In essence, the priority date serves as an invisible ticket for an invisible line.

Our green card system is based on a first come, first served process. This means, contrary to political talk, new immigrants are always sent to the back of the line.

Second stop: Which line does an immigrant get in?

The Family Preference System: Green Card Lines For Immigrants

The rules governing an immigrant’s category and country of birth were set forth by the Immigration Act of 1965.

As explained in Renewing The Battle For Family Unity, the Act divided family-based applications into two major categories.

Immigrants in the first category are classified as “immediate relatives.” This category includes the spouses, minor children (unmarried and under 21), and parents of U.S. citizens.

There are no quotas on the number of green cards which can be issued to immigrants classifiable as immediate relatives.

Immigrants in the second category fall under the “family preference” quota system. (This is the group of immigrants referenced by the current political “get to the back of the line” grandstanding.)

Family preference immigrants are sub-categorized into five distinct lines:

  • First Preference: Unmarried children, over 21, of U.S. citizens
  • Second (2A) Preference: Spouses and unmarried children, under 21, of lawful permanent residents
  • Second (2B) Preference: Unmarried children, over 21, of lawful permanent residents
  • Third Preference: Married children of U.S. citizens
  • Fourth Preference: Brothers and sisters of U.S. citizens

Unlike immediate relatives, there are annual limits on the number of immigrants who can receive immigrant visas, and hence green cards, via the preference system.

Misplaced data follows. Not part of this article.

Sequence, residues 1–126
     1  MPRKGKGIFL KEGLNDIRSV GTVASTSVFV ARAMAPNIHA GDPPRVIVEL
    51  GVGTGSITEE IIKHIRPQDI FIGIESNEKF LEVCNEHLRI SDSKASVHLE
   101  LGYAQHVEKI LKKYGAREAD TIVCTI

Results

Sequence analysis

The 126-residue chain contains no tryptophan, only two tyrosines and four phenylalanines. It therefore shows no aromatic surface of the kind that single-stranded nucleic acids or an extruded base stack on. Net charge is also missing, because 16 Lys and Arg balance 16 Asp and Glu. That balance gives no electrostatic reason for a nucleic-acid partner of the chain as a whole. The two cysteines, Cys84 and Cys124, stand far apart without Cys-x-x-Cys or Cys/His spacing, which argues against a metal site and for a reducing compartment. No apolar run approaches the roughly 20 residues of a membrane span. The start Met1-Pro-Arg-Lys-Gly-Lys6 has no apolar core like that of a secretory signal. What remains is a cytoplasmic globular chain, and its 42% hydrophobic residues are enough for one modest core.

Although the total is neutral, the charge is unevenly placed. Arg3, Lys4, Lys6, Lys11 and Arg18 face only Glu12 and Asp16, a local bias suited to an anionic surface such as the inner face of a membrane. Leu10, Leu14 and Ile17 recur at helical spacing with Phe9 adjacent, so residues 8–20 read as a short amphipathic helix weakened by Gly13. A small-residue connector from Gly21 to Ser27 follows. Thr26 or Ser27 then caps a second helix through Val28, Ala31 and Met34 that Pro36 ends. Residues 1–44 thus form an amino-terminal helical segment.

THE MEANING OF VISAS AND GREEN CARDS

Since “visas” and “green cards” have similar meanings, it’s easy to get confused over their differences.

Here’s a tip.

Consider the example where an immigrant is coming into the United States.

In this situation, the immigrant does not become a permanent resident (“a green card holder”) until he receives an immigrant visa and uses it to enter the United States.

Likewise, if you’re applying for permanent residence from inside the U.S., you cannot become a permanent resident until a visa number is allotted to you.

Thus, when you hear about visas, it normally means an immigrant has the right to a green card – but does not have the actual green card yet.

Now let’s put it all together. When a priority date becomes current, the waiting period is over. A visa is available for the immigrant. Now, the immigrant can apply for a green card. This means he is seeking to become a lawful permanent resident.

Moreover, each of the family preference sub-categories has a different quota for annual visas.

To make things more complex, there are country limits. These are allowable maximums, not guaranteed numbers. With immigrants from over 180 nations seeking to become permanent residents, countries are granted far less visas than their maximum limits.

Third stop: How long does each line take?

Longer Lines, Longer Delays Are Not The Solution

It is not unusual for the process to take 10 to 20 years before a visa becomes available.

According to Suzy Khimm, a reporter for the Washington Post, the wait can take up to 24 years.